Spirometry was performed with a dry wedge spirometer (Vitalograph, Buckingham, UK). According to the guidelines available at the time of the study,19 the best of a minimum of three similar maneuvers was used. The ratio of the forced expiratory volume in 1 second (FEV1) divided by forced vital capacity (FVC) was calculated and a cut-off value for the FEV1/FVC ratio of <0.7 defined COPD in accordance with the Global Initiative for Chronic Obstructive Lung Disease guidelines,8 apart from the fact that no reversibility test was performed. Spirometry data were available for 93% of the subjects at baseline (n=3,348). FeNO was measured before spirometry using a chemiluminescence analyzer and has been extensively described elsewhere.20 A cut-off value of 50 ppb or more in the exhaled NO concentration was used to indicate a high likelihood of asthma in patients with COPD.21 Atopy was defined as a positive Phadiatop® test (Pharmacia, Uppsala, Sweden). Class 0 was regarded as negative and Class 1 as positive (atopic).22 Data on age, gender, and body mass index (BMI) were also collected (Table 2).

Table 2 New-onset of NIR in relation to age, gender, BMI, atopy, COPD, and smoking
Abbreviations: BMI, body mass index; COPD, chronic obstructive pulmonary disease; NIR, noninfectious rhinitis; SD, standard deviation.


Analyses were performed with the SAS statistical software version 9.4 (SAS Institute Inc., Cary, NC, USA). Univariate analyses included using t-tests and chi-square tests for continuous and categorical variables respectively. A multivariate logistic regression model was used to calculate odds ratios and 95% confidence intervals. P-values <0.05 were considered statistically significant.


The comparison between subjects with new-onset NIR and no NIR at follow-up is presented in Table 2. As shown, there was no significant difference in mean age, gender, or BMI. The prevalence of COPD was 8% in the total study population and 9.2% for subjects aged over 40 years. New-onset NIR was significantly associated with COPD (10.8 vs 7.4 P=0.005). New-onset NIR was also related to smoking (P=0.004) and atopy (P<0.001) in the univariate analyses.

In the logistic regression analysis adjusted for age, gender, BMI, COPD, smoking, and atopy, COPD, smoking, and atopy remained independently associated with new-onset NIR (Figure 2). The interaction between COPD and smoking in relation to new-onset NIR was calculated and was found to be nonsignificant (data not shown). There was no association between atopy and COPD, indicating a low risk of asthma misclassification (19.1% vs 19.2%, P=1). As shown in Figure 3, the vast majority of the subjects with COPD were aged >40 years, as expected. Only 4.3% (11 of 257 subjects with COPD) displayed a FeNO value >50 ppb, ie, values that indicate the presence of atopy and asthma.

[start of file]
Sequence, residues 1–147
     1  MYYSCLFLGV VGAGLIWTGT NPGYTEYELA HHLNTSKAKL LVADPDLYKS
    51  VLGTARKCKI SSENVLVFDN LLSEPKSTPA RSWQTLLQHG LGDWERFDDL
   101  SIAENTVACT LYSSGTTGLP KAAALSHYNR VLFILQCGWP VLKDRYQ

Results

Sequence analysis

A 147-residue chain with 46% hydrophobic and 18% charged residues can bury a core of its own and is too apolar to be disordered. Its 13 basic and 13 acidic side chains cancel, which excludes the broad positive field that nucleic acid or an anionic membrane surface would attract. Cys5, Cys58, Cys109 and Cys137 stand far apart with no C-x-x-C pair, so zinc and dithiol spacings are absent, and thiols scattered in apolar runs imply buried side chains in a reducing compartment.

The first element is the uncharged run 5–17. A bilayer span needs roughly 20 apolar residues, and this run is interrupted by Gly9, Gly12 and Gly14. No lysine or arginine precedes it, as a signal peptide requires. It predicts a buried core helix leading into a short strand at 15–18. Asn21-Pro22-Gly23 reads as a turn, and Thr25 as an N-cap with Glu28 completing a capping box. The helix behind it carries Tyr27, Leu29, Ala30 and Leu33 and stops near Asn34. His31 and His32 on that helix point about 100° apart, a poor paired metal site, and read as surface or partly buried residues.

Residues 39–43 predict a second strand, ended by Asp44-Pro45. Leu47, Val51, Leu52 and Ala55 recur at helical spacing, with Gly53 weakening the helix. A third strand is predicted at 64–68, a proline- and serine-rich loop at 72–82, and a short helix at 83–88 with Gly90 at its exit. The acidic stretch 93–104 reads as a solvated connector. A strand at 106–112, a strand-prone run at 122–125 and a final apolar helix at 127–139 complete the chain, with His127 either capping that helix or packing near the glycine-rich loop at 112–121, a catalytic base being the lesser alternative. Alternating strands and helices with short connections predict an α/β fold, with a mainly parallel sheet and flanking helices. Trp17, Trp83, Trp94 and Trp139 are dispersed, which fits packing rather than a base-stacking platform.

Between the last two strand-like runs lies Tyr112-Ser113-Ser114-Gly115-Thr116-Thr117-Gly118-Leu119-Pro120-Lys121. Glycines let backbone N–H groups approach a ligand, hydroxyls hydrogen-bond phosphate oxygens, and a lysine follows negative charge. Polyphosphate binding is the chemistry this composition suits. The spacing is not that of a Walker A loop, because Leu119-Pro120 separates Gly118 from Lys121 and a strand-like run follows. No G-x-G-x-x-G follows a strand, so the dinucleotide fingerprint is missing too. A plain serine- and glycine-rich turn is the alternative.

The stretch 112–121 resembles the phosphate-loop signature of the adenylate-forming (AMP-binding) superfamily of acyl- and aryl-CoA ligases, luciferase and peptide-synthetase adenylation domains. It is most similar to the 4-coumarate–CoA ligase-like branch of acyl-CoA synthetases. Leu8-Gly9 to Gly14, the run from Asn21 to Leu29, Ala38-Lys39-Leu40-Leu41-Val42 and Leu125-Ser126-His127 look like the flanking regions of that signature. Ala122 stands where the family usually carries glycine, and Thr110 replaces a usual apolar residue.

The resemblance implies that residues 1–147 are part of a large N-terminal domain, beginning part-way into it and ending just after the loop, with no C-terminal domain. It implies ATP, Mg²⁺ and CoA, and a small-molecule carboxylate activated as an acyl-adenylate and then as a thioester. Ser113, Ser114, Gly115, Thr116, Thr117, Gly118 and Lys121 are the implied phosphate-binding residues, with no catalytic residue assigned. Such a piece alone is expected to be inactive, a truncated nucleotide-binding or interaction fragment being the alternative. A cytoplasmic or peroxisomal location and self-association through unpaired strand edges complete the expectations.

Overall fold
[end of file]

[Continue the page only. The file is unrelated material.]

Figure 2 Odds ratios for new-onset NIR in relation to age, gender, BMI, COPD, smoking, and atopy.
Note: Never smoker was used as reference category among the smoking categories.
Abbreviations: BMI, body mass index; CI, confidence interval; COPD, chronic obstructive pulmonary disease; NIR, noninfectious rhinitis.

Figure 3 Age distribution when comparing the COPD group (A) and the general population (B).
Abbreviation: COPD, chronic obstructive pulmonary disease.

The sub-analysis of occupational exposure to gas, fumes, or dust (n=2,257), and educational status (n=2,256) introduced in 2005 revealed a significant association with new-onset NIR for gas, fumes, or dust (P=0.006) but not for educational status (P=0.75) (data not shown).


In this longitudinal population-based study of a large cohort, the risk of developing NIR, over a 5-year period increased in individuals with COPD. Smoking and atopy were also risk factors for NIR. The results indicate that there is a link present between upper and lower respiratory inflammation in NIR and COPD, and it is therefore important to assess NIR in patients with COPD.